On the occasion of 50 years celebration of Kishore Bharati organization, a critical reflection session (Chintan Shivir) on re-imagining education is going to be organized by Kishore Bharati, in the context of resolving the dilemmas and paradoxes of current education, and its role in a democratic republic. Today we se that there is huge rural… Read More »
Prof. Anil Sadgopal presented his series of talks at IISER Pune organized by Disha organization on the occasion of 75th anniversary of Independence Day . The first talk was delivered on 17th August, 2022 on the theme, ‘Pre-Independence Discourse: Laying the foundation for the constitutional vision of education‘ The Video of talk is available on… Read More »
The paper was written by Prof.Anil Sadgopal for presentation at 17th All India People’s Science Network Conference organized in Bhopal from 6th to 9th June, 2022. The paper was read in workshop at AIPSN conference which was participated by Kishore Bharati members Prof. Arunan and Prof. G.Nagarjuna. The paper gives a brief introduction on the… Read More »
CUBE Awards are awarded each year in the name of acclaimed scientists and personalities to the selected CUBE members who stood out in various aspects in the award categories. The list of CUBE awards for the year 2022 is as follows, DD Kosambi Award 2022 Veronica Rodrigues Award 2022 Anil Sadgopal Award 2022 SK Mahajan… Read More »
CUBE entered into its 3rd year of continuation of Home Lab movement, on this occasion an event was planned to celebrate Home Labs with presentations by Cubists of Elphinstone college, Mumbai. Several model systems like Earthworm, Hydra, Fruit Fly, Moina, Phyllanthus and so on were presented by Cubists, and it was presentated how these model… Read More »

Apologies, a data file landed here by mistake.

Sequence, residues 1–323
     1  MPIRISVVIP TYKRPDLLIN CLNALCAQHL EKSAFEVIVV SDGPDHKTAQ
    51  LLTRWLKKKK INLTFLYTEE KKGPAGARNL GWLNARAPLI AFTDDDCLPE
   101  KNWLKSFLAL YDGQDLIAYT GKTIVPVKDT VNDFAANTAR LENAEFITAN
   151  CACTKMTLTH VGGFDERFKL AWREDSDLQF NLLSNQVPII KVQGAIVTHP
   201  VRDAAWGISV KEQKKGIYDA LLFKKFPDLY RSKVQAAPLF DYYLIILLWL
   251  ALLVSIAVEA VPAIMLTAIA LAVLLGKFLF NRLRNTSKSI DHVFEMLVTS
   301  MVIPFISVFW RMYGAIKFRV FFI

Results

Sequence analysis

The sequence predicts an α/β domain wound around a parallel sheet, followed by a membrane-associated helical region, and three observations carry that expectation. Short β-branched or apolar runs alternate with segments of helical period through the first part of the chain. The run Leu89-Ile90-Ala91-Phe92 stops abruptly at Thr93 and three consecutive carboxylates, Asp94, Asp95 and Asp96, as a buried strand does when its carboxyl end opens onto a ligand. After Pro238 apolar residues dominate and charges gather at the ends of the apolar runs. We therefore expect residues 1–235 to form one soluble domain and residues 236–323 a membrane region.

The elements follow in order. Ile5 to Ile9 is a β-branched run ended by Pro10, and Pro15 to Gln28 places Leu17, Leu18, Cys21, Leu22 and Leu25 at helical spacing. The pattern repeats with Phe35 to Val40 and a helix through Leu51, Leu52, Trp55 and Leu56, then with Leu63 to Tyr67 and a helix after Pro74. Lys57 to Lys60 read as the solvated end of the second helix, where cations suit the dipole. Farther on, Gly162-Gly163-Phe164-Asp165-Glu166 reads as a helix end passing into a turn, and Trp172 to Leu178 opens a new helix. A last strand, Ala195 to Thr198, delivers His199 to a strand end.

By Abhijeet Singh, Saida Sayyed and Smiti 13th November 2021 The story of the new BPCV (Banana, Potato, Custard apple, Vinegar) media for culturing Fruitfly in home labs is very interesting!Smiti, a first-year B.Sc student from Elphinstone college, Mumbai wanted to study the life-cycle of fruitflies for which she needed to culture them in her… Read More »
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By Anil Sadgopal 17th October 2021 1972 में मित्र मंडल केंद्र रसूलिया और किशोर भारती के संयुक्त प्रयास से मध्य प्रदेश के होशंगाबाद जिले के सोलह सरकारी उत्तर-प्राथमिक (मिडिल) स्कूलों में विज्ञान शिक्षण को गतिविधि-आधारित बनाने तथा स्थानीय परिवेश से जोड़ने का प्रयोग शुरू हुआ। अगले पांच वर्षों तक दिल्ली विश्वविद्यालय के कई वरिष्ठ विज्ञान शिक्षकों और उनके शोध विद्यार्थियों की पूरी एक टीम एवं टाटा आधारभूत शोध संस्थान (टाटा इंस्टिच्यूट आफ फंडामेंटल रिसर्च), मुंबई, और इंडियन इंस्टीट्यूट ऑफ टेक्नॉलाजी, कानपुर, जैसी अन्य संस्थाओं के वैज्ञानिकों की मदद से रूढ़िगत विज्ञान शिक्षण को बदलने की एक साहसिक प्रक्रिया शुरू हुई। इस प्रक्रिया में स्कूली शिक्षकों एवं बच्चों की भागीदारी बढ़ाने के ऐतिहासिक अनुभव प्राप्त किए गए। इस अनुभव को स्वयंसेवी मंच से सरकारी शिक्षा तंत्र में हस्तक्षेप के प्रयोग के रूप में व्यापक मान्यता मिली। 1978 में इन दोनों संस्थाओं ने जिले के सभी 220 उत्तर-प्राथमिक स्कूलों में विज्ञान शिक्षण के इस नए स्वरूप के अनुसार तंत्रगत ढांचे और प्रक्रियाएं खड़ा करने का काम भी किया। इस जिला स्तरीय प्रसार के कुछ महीने पहले पांच साल के अनुभव पर एक विहंगम दृष्टि डालने वाला यह विवरण ‘होविशिका’ (होशंगाबाद विज्ञान शिक्षण कार्यक्रम) की ओर से किशोर भारती की चार-सदस्यीय टीम द्वारा दर्ज किया गया था। मध्य प्रदेश के होशंगाबाद जिले में काम कर रही मित्र मंडल केंद्र रसूलिया एवं किशोर भारती नामक दो स्वैच्छिक संस्थाओं ने विगत पांच वर्षों में जिले के सोलह ग्रामीण मिडिल स्कूलों में विज्ञान शिक्षण के क्षेत्र में पथ प्रदर्शक प्रयोग किए हैं। इन प्रयोगों में उन स्कूलों के शिक्षक और बच्चे सहभागी बने। इस पहलकदमी की आधारशिला गतिविधि-आधारित शिक्षण है। इसमें बच्चे निष्क्रिय होकर केवल व्याख्यान सुनते रहने के बजाए सक्रिय रूप से ज्ञान के सृजन में हिस्सेदारी करते हैं। लेकिन बहुत जल्द ही हमने अनुभव किया कि यदि इस शैक्षिक नवाचार को करते हुए सामाजिक-आर्थिक कारकों को ध्यान में नहीं रखा गया तो ये विचार आकर्षक मुहावरे मात्र बनकर रह जाएंगे।